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A research study found that, of 500 people surveyed, 220 [#permalink]
06 Mar 2013, 18:37

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15% (low)

Question Stats:

71% (02:14) correct
29% (01:02) wrong based on 121 sessions

A research study found that, of 500 people surveyed, 220 watched neither Network A nor Network B, 120 watched only Network A, and for every person who watched both networks, 3 watched only Network B. How many of the 500 people surveyed watched both networks?

(A) 40 (B) 60 (C) 80 (D) 100 (E) 120

I always screw up with the correct usage of this relationship: [Total = Group1 + Group2 - Both + Neither] vs [Total = Group1 + Group2 + Both + Neither], i.e. when to subtract Both and when to add Both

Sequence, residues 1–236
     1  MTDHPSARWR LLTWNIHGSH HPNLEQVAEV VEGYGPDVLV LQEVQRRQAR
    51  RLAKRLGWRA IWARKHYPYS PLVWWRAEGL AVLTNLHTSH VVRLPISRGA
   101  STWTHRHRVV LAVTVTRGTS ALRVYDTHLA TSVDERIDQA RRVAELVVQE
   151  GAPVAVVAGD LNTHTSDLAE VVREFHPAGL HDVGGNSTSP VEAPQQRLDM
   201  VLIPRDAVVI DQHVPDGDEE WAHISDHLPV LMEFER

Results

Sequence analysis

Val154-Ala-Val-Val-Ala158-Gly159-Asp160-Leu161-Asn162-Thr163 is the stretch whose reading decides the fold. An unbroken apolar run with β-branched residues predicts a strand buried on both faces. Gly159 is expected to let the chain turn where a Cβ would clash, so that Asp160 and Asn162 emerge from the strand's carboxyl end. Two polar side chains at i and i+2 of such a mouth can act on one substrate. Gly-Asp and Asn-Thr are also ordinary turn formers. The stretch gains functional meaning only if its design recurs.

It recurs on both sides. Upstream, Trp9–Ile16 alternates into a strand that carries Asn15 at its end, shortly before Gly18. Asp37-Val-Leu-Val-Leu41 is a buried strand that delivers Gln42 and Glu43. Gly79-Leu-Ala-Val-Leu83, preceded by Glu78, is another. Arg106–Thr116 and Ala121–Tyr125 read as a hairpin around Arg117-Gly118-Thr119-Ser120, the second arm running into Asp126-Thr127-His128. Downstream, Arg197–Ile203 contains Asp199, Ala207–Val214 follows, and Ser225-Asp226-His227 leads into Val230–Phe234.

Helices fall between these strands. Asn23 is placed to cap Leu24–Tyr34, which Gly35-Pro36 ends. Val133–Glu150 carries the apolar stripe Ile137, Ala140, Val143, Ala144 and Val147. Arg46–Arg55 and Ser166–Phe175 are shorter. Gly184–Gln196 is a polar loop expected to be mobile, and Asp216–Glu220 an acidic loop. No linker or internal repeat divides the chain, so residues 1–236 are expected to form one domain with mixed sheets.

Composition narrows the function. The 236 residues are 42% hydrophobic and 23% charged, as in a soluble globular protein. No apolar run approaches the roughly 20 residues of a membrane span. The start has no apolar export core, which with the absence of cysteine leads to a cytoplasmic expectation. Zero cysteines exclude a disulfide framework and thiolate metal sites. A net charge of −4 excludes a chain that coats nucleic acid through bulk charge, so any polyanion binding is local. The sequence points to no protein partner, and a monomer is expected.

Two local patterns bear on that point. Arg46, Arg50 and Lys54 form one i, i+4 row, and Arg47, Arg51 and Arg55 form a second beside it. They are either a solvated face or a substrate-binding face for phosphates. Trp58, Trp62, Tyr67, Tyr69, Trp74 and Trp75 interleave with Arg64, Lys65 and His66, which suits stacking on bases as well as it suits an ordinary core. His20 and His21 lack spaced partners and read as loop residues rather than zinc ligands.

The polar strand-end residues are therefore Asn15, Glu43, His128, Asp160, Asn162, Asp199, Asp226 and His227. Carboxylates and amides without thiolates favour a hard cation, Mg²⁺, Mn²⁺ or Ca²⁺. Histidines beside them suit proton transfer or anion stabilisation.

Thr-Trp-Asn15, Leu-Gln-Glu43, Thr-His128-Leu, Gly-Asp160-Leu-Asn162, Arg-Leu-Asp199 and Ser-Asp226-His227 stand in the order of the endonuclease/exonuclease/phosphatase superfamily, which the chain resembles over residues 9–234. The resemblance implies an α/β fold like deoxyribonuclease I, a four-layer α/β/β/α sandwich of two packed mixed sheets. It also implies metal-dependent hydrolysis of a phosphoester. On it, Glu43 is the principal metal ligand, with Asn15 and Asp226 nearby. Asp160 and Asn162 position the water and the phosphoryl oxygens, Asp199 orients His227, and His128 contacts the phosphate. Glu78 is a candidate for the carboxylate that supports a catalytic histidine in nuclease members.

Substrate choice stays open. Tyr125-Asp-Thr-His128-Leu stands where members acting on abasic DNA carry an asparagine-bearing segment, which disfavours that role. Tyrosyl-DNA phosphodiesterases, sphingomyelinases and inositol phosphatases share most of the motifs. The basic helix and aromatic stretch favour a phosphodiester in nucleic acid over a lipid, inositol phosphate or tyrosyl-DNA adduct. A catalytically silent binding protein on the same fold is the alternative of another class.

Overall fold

Re: A research study found that, of 500 people surveyed, 220 [#permalink]
06 Mar 2013, 19:53

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megafan, see the attached figure.

the portion in green corresponds to neither A nor B. The one in brown corresponds to only A. The one in blue to only B. The one in red to both A and B.

n(Total) = n(Neither A nor B) + n(only A) + n(only B) + n(both A and B) => 500 = 220 + 120 + 3x + x => x = 160/4 = 40

Re: A research study found that, of 500 people surveyed, 220 [#permalink]
06 Mar 2013, 20:51

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Expert's post

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Here are the two formulas

1. [Total = Group1 + Group2 - Both + Neither]